How can companies manage a plethora of smart sensors and computing devices remotely for years on end with minimal to no maintenance necessary? The question is as tricky as it is critical since the answer will determine the Internet of Things’ future. Indeed, for a product to last years in the field, it must have an extremely low-power consumption. Yet, a smart system must regularly communicate with a cloud to share data, receive updates, and more. And any wireless transmission is by nature power-hungry. Teams must, therefore, find ways to optimize their connection to a remote server if they hope to ship a viable IoT solution.
ST and IoTerop, a French company specializing in Lightweight Machine-to-Machine (LwM2M) device management over Narrow Band-IoT, offer a way to help engineers working on an STM32 microcontroller solve this crucial problem. IoTerop, an ST Authorized Partner, created IOWA, a software development kit that simplifies the creation of an LwM2M solution. The software stack sits on top of ST’s middleware and includes a vastly optimized library. Developers thus have access to an abstraction layer that hastens code creation. IOWA also works in conjunction with ALASKA, IoTerop’s device management platform on the cloud, and CONNECTICUT, its testing environment. Hence, let’s explore why an STM32 MCU running IoTerop’s software can solve the challenges IoT engineers are currently facing.
1. IOWA and the Low-Power Challenge
MQTT vs. LwM2M
When starting a project, such as a smart meter, one fundamental challenge stems from selecting a communication protocol. Message Queue Telemetry Transport (MQTT) is the de facto protocol when dealing with clouds for good reason. Its publish-subscribe model is reliable, and it uses the very familiar TCP protocol. However, the heads that gave birth to MQTT never had the consumption of ultra-low power IoT products in mind. LwM2M, on the other hand, is inherently more efficient since, at its very core, it is a constrained application protocol (CoAP), meaning that it was designed to fit small devices and require very little power. Hence, IOWA is helpful because it facilitates the creation of an LwM2M application on an STM32 system.
Only 5 KB of RAM
IoTerop takes advantage of the baked-in advantages of LwM2M and goes a step further. For instance, the company takes advantage of ST’s crypto cores to optimize encryption and decryption operations. IoTerop is also working on utilizing deep sleep modes and other power-saving mechanisms available in STM32 MCUs. Additionally, IOWA’s memory footprint is vastly smaller than competing solutions. Indeed, the entire library fits in only 30 KB of Flash and 5 KB of RAM. Developers can thus more easily rely on IOWA since it will fit small memory configurations and low-power processors.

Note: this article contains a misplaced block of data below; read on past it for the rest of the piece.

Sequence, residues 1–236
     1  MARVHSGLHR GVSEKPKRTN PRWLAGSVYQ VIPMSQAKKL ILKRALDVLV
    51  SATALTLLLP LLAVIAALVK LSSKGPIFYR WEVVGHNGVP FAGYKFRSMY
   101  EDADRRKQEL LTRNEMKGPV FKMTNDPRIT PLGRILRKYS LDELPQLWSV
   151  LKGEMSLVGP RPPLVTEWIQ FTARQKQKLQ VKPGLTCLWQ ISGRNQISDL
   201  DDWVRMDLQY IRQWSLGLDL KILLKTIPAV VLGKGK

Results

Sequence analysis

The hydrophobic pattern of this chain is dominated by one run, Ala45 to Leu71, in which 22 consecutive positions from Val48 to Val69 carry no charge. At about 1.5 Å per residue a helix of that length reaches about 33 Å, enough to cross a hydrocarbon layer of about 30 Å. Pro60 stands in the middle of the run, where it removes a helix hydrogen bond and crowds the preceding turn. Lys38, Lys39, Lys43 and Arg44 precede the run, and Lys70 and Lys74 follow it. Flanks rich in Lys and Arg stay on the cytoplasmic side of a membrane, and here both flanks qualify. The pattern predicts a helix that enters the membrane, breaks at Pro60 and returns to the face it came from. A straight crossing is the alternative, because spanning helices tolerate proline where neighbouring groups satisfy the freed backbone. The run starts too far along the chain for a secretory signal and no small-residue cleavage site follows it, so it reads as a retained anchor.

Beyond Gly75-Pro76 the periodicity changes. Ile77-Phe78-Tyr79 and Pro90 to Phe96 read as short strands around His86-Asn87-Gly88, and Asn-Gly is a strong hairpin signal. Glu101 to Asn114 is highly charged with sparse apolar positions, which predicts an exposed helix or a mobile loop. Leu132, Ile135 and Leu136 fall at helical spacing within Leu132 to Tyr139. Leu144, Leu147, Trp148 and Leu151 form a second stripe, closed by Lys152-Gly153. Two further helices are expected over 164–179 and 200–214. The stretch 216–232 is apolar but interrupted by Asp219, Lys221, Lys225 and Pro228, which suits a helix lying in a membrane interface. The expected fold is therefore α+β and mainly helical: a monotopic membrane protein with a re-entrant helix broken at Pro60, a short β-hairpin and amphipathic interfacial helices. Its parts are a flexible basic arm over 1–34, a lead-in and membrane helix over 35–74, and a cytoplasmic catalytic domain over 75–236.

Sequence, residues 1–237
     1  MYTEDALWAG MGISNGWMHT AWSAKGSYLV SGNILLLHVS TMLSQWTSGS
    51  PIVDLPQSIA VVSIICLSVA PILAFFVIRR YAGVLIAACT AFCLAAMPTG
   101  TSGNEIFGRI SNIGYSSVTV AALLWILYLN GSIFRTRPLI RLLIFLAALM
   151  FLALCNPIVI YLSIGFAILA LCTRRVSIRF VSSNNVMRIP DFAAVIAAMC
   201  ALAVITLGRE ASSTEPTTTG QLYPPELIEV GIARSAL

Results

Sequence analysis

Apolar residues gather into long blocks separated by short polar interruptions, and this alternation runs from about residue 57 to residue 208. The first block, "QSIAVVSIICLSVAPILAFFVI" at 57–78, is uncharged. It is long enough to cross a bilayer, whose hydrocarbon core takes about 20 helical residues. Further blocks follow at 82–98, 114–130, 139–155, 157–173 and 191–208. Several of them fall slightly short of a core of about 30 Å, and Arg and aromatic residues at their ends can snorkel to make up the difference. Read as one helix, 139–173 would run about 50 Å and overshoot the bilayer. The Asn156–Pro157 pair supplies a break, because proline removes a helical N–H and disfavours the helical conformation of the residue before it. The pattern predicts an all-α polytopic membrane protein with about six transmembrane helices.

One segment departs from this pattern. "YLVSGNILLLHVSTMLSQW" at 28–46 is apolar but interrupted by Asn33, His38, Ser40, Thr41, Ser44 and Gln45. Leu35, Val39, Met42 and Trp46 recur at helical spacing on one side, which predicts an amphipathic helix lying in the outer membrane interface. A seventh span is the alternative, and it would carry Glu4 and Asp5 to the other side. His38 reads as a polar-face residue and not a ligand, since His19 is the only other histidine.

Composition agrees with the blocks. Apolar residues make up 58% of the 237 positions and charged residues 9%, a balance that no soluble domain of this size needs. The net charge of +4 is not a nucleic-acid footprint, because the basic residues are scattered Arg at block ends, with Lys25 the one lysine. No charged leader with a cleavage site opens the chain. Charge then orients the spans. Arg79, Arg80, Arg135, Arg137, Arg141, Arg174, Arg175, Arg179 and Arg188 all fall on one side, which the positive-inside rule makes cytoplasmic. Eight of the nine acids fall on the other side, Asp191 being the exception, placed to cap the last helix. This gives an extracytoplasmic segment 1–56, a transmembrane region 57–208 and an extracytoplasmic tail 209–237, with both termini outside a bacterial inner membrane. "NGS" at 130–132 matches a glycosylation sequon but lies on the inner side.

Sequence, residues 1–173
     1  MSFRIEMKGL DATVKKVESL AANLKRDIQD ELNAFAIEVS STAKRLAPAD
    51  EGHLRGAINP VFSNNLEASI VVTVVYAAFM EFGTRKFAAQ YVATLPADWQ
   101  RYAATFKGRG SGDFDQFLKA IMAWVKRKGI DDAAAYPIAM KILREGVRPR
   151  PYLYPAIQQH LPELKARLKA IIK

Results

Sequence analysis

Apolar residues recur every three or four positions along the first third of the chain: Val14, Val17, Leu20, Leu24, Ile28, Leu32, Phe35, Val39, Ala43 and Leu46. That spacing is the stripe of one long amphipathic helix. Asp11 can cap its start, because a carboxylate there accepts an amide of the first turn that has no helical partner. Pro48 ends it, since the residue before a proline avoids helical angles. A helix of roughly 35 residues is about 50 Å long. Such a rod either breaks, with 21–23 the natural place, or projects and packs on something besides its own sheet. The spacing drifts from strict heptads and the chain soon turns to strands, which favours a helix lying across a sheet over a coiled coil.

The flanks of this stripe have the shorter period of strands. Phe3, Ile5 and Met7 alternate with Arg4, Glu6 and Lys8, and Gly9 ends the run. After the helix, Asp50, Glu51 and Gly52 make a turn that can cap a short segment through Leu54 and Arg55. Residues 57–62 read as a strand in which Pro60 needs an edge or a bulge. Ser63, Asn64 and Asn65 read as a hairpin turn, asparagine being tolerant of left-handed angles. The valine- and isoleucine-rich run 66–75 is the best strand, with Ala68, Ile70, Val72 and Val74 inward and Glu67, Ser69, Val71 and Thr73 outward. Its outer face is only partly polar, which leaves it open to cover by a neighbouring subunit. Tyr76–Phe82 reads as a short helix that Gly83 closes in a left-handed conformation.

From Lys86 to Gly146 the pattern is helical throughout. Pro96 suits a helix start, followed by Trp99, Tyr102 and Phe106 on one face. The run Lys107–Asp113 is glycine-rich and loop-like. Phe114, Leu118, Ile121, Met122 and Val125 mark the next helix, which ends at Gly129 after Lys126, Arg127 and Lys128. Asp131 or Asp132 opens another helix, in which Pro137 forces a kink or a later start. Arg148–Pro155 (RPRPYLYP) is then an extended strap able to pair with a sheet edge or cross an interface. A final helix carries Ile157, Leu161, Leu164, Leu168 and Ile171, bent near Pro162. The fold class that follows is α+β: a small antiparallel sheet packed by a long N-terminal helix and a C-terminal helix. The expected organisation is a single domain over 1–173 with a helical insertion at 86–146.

2. IOWA and the Future-Proofing Challenge
MQTT vs. LwM2M Part II
Another challenge engineers must wrestle with pertains to the use of proprietary solutions. Traditionally, teams prioritize standards because they offer interoperability and continuity. The chance of a well-established industry protocol dying is slim to none. On the other hand, a proprietary technology can be more volatile and less secure. When faced with this conflict, many developers tend to lean toward LwM2M. Indeed, MQTT doesn’t define a payload, for instance. As a result, many developers use proprietary solutions, which locks them into a particular vendor ecosystem. LwM2M doesn’t have this problem since the standard is far more comprehensive. It defines payload, data models, includes device management services, and works with TLS and DTLS 1.2+ for additional security.
Thinking About Future-Proofing
Developers looking to take advantage of LwM2M on STM32 MCUs can turn to IOWA, which implements all of the standard’s features and more. For example, the SDK implements a firmware update and remote diagnostic capabilities. Put simply, IoTerop leverages ST’s middleware, and LwM2M features to help manage devices throughout their lifecycle. Indeed, a common difficulty is the ability to manage a device 10 years from now in a tech world that moves incredibly fast. By relying on standards and working closely with ST, the French company ensures that users can continue to patch software, connect to the cloud, provision new devices, add new functionalities, and more for the entire lifecycle of their product.
3. IOWA and the Development Time Challenge
Writing Code Can Be Up to 70% Quicker
Programmers always ask themselves one simple question: “How long will it take me to write this application?” It’s the reason why many choose to use abstraction layers. Having to write everything from scratch is often time- and cost-prohibitive. IOWA is, therefore, an essential part of the development of IoT systems as adopting it greatly hastens developments. However, there’s more than meets the eye. Thanks to CONNECTICUT, engineers can more rapidly test their applications to shorten their time to market further. Similarly, adopting the ALASKA platform means coming up with a cloud platform faster. Moreover, the IOWA SDK works within STM32CubeIDE, the first free ST IDE with STM32CubeMX built-in. As a result, teams can take a board like the P-L496G-CELL02, all the ST low-level software, and expansions, such as X-CUBE-CELLULAR, and expect to release a commercial IoT product in less than three months when pairing with IoTerop’s solutions.